By BROOKE KANSIER
Capital News Service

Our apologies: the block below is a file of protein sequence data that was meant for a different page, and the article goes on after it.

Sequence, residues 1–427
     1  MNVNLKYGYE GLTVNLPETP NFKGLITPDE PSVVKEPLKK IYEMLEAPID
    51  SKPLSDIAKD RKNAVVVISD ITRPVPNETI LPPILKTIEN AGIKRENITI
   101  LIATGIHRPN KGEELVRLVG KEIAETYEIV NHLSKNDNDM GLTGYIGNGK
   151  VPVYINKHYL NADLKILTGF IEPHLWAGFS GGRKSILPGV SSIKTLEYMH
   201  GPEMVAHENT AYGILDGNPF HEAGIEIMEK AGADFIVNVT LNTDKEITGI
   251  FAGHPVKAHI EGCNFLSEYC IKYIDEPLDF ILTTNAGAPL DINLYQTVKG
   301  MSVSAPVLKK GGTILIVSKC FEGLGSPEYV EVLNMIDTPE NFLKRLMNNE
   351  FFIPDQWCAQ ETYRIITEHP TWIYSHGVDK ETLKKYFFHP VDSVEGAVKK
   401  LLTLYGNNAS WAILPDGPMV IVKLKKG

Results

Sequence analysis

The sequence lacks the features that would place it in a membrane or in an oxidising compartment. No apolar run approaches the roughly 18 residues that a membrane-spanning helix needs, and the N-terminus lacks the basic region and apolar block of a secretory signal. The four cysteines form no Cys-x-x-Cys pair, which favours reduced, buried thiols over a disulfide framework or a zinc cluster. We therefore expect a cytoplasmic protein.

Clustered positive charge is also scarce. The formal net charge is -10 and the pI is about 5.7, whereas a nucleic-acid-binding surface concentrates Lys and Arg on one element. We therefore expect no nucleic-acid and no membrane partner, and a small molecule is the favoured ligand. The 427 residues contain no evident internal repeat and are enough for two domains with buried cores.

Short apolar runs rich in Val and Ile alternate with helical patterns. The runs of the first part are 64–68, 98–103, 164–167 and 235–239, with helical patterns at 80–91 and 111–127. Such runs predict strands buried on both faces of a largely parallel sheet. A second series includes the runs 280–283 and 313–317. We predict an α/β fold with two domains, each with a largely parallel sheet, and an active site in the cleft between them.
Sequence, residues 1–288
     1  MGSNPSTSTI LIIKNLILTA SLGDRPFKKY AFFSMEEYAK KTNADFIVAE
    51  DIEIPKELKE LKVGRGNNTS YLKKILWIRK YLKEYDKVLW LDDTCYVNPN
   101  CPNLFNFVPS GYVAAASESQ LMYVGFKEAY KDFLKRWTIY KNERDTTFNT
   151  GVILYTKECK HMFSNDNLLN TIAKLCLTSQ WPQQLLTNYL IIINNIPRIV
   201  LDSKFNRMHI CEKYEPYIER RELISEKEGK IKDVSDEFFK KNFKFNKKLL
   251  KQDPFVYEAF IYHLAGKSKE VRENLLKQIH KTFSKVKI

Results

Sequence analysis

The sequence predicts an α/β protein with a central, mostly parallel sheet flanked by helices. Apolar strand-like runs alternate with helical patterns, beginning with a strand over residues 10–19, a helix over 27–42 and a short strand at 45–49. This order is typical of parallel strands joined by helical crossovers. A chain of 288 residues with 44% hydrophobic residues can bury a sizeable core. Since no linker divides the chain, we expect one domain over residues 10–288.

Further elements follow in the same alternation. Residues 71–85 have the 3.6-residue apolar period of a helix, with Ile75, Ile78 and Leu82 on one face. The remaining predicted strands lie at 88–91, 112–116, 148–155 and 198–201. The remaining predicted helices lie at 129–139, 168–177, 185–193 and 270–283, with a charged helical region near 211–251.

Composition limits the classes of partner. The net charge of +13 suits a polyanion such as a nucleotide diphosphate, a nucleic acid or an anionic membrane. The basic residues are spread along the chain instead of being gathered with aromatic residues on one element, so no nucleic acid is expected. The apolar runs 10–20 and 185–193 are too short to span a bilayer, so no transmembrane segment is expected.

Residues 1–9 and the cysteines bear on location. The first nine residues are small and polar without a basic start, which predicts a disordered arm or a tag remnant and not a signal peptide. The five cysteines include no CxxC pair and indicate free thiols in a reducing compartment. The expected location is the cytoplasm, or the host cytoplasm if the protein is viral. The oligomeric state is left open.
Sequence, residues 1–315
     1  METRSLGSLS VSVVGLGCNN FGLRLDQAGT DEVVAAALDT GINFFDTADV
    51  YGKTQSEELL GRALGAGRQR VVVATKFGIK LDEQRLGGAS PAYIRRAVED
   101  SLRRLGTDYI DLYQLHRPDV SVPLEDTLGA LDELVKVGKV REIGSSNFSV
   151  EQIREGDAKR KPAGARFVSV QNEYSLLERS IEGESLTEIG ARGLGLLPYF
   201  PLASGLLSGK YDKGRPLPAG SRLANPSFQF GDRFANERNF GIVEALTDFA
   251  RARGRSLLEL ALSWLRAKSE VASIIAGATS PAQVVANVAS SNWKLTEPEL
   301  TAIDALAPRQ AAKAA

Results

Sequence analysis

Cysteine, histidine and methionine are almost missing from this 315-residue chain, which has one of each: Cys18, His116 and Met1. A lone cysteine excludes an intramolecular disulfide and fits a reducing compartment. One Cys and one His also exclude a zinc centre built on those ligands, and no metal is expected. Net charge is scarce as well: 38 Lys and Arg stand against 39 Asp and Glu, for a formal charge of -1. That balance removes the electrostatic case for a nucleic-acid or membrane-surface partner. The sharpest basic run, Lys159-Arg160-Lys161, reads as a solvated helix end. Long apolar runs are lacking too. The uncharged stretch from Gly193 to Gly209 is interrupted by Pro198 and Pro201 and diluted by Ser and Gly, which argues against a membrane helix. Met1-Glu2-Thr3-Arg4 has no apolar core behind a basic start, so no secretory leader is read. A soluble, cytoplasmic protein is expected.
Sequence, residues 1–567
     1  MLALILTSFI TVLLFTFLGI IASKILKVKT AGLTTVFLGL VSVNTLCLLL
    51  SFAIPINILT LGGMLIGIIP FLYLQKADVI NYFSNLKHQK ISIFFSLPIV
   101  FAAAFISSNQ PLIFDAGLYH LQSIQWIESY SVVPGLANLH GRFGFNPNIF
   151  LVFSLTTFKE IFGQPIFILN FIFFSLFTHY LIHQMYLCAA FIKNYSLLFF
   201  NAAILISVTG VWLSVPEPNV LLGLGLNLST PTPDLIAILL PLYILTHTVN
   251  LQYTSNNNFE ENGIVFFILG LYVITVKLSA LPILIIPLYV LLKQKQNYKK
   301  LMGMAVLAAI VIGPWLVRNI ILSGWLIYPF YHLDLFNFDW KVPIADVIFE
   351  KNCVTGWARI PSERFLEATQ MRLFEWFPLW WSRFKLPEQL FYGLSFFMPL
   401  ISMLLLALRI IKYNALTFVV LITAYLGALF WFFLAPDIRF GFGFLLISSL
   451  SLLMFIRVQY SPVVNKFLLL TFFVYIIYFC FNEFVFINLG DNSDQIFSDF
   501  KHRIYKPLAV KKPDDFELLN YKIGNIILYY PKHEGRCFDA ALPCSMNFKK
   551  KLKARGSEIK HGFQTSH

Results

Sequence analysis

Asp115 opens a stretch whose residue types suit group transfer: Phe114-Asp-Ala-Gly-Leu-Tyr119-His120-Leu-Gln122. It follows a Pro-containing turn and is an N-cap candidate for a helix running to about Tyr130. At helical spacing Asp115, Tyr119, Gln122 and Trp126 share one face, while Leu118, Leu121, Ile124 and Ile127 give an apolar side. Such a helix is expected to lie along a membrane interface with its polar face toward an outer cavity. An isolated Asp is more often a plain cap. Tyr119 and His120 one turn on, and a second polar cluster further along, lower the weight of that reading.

LANSING — Cars that drive themselves may be safer, smarter and more efficient than those driven by people. But will they be better for the environment? It’s a question with no definitive answer, said John DeCicco, a research professor at the University of Michigan’s Energy Institute and a board member of the university’s MCity – an entire city for the testing of the vehicles, complete with cutouts of pedestrians and stoplights. Some aspects of the vehicles could greatly reduce energy use and emissions, while other aspects could increase emissions, said DeCicco. Driving efficiency improves greatly with an autonomous infrastructure.